The Mustangs Hike a Deserted Woods Canyon

March 17, 2023

By Jim Sweeny

Woods Canyon is an often-overlooked and very sparsely used trail near the VOC. Here, Jim Sweeny, Sophia Sweeny, and Duncan Orr enjoy a beautiful day at their lunch stop.

The sun had barely risen over the Mogollon Rim as the Mustangs set out to hike the Woods Canyon trail. It was a frigid morning, the coldest yet of the winter. The temperature was in the low 30s with 20+ MPH winds. Yikes. Guess that explains the low turnout – you could count us on one hand with fingers left over. But off we went, me leading the way.

The Woods Canyon trail is a not so populated hiking trail east of the Red Rock Ranger Station. The trail crosses some grazing land before heading north along the west bank of Dry Beaver Creek, But before you get to that, you have to cross a normally dry wash coming down from the village. With all the rain and snow we’ve had this year, the wash (and Dry Beaver Creek itself) was anything but “dry.” Despite the rock hopping, we all made it across with no wet feet.

As we continued onward beyond the wash, the trail follows the course of an old cattle trail. This takes us over a couple more washes. These had standing water which of course was ice due to the freezing temperature. Alas, the cold weather does have a benefit – no mud. There would be no boot cleaning to do later.

After about a mile of hiking, we could here the sound of flowing water. The landscape began to change from prairie to forested with Cottonwood and Sycamore trees. The flood plain of Dry Beaver Creek is vast providing the much need water for this forest. It would be another two miles before the creek came into view, and what a view it was! Picture the snow melt water quickly flowing between boulders of basalt and red rock sandstone with the occasional Sycamore tree growing in the middle of it.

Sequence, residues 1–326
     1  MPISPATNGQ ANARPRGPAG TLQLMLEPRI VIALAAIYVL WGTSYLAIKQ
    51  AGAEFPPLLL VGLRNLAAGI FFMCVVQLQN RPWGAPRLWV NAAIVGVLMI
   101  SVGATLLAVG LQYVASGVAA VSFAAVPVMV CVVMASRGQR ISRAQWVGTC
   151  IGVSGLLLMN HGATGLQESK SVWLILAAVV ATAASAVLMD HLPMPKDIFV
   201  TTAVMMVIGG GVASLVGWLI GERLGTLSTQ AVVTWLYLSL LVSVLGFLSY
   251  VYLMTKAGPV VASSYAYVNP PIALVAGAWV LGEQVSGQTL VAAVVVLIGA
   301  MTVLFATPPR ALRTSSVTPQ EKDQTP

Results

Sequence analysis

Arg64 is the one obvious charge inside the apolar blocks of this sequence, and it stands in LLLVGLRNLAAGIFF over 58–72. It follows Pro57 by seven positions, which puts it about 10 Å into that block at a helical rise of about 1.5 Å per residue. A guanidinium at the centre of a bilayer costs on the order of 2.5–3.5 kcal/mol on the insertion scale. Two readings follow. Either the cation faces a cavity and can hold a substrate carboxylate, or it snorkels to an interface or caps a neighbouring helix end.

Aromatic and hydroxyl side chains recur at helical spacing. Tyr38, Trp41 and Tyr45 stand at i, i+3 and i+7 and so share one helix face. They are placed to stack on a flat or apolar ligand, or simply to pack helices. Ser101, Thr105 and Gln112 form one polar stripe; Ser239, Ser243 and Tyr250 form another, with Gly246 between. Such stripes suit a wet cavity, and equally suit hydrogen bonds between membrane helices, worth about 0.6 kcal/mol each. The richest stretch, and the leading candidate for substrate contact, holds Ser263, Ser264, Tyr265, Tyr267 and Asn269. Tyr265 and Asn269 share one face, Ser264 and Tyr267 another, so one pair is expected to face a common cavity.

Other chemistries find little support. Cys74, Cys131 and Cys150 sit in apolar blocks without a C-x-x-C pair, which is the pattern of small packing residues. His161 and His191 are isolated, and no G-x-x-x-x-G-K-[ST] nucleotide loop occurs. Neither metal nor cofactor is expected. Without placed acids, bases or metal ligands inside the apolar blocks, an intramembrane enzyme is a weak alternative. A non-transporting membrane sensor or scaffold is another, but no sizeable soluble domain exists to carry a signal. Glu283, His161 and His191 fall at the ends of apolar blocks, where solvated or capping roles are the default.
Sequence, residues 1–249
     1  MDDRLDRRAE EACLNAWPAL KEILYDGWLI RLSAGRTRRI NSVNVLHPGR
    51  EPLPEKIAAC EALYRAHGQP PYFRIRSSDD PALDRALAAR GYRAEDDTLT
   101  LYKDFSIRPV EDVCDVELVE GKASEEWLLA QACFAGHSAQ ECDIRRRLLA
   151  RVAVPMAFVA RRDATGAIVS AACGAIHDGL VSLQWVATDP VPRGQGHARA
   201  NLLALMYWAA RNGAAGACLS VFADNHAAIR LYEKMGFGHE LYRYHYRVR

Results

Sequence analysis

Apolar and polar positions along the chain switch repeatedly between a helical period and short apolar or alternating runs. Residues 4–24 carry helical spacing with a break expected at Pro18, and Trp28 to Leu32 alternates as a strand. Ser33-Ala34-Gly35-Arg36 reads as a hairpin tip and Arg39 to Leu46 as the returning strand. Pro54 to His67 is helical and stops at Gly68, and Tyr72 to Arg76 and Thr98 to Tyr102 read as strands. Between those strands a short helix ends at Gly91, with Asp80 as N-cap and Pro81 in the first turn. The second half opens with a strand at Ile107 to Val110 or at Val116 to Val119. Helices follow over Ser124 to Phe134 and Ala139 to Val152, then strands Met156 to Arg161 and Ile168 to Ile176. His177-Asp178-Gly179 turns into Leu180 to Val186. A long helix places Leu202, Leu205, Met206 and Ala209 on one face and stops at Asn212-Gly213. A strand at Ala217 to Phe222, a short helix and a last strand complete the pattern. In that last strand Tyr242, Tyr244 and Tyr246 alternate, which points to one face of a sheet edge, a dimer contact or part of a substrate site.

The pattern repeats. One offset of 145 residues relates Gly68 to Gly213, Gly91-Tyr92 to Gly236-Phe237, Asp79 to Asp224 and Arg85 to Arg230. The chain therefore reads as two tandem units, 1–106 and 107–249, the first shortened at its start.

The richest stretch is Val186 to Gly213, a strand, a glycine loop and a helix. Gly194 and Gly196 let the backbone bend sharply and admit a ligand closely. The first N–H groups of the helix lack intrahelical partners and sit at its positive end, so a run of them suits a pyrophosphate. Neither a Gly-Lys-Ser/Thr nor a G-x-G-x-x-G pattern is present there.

We took our first pause at the confluence of Woods and Rattlesnake Canyons. (Hike this area in the spring and you know how the latter got its name.) Dry Beaver Creek has carved a red rock cliff on the west bank with piles of river rock making a peninsula separating the two streams. It is a very pretty spot and a great place to take a breather, have a snack, and contemplate the very serene beauty of the area.

After our break, we continued on for another mile or so. This section was more challenging as we had to climb out of the creek bed. We could see evidence of fresh landslides, with the trail blocked at one point by a sizable tree that had washed down the hill. Eventually we reached our destination – a red rock wash with a spectacular view of the stream below and the snow-covered mesa above.

We each staked out a rock to use as our seats for our lunch break. As we looked out at the scenery, we felt a deep sense of peace and contentment.

After 20 minutes or so, we decided it was time to start heading back out. Greg Pribyl took the lead as we made our way back along the same route back to the trailhead.

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